Since you’ve created so many memorable action sequences in your career, it must be challenging to find new ways to top yourself. Ultimately, did the World War I period remove that sort of thinking since the tech and weaponry of the era were drastically different from the modern-day Kingsman films?
I wouldn’t say I’m trying to top myself. That’s always a dangerous thing to do. The way I approach action is to tell a story. With each action scene, I’m still trying to drive the narrative through every shot and bring the action to life in a way that only that character or that sequence can do. With Rasputin for example, I did all this research on Cossak dancing and ballet dancing. I said, “Well, let’s take all these great Russian disciplines.” All that dancing and the glide that Rasputin does is all real, and they were all forms of martial arts in Russia before they were banned and became dance. Rest in peace, but I was lucky enough to have the greatest second unit director Brad Allan, who I miss dearly. He died sadly and very suddenly and way too young. But Brad and I had this brilliant collaboration where I could give him ideas that would cause most people to say, “Are you out of your mind?” And actually, most of my crew, especially my producers, were like, “What!?” But Brad would be like, “I get it!” So we would go off and work with people and then we’d look at it and go, “Wow, we did it again!” So we don’t try to top ourselves, but I also don’t like to repeat myself. They knew the way I make movies as I try to imagine what I want to see. I like to be entertained, I like to escape and I like to see things I haven’t seen before. So that’s what we try to do with the action.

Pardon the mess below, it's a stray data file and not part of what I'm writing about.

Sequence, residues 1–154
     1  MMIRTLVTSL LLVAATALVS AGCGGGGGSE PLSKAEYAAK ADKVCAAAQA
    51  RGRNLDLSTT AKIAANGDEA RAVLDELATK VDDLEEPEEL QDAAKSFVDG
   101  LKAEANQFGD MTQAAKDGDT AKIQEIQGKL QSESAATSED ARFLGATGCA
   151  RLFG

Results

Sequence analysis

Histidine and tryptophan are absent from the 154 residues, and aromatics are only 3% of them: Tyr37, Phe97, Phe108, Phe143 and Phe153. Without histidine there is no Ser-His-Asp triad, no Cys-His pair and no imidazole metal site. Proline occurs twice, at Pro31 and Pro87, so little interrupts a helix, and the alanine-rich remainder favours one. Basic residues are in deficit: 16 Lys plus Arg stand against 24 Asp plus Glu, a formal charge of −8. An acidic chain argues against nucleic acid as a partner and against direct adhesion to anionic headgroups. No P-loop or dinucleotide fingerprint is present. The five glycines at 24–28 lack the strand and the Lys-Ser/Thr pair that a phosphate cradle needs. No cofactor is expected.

Did Tom Hollander play three different characters [King George V, Kaiser Wilhelm II, Tsar Nicholas II] because the movie maxed out its credit cards? Or were you having fun with that cousin line in the movie?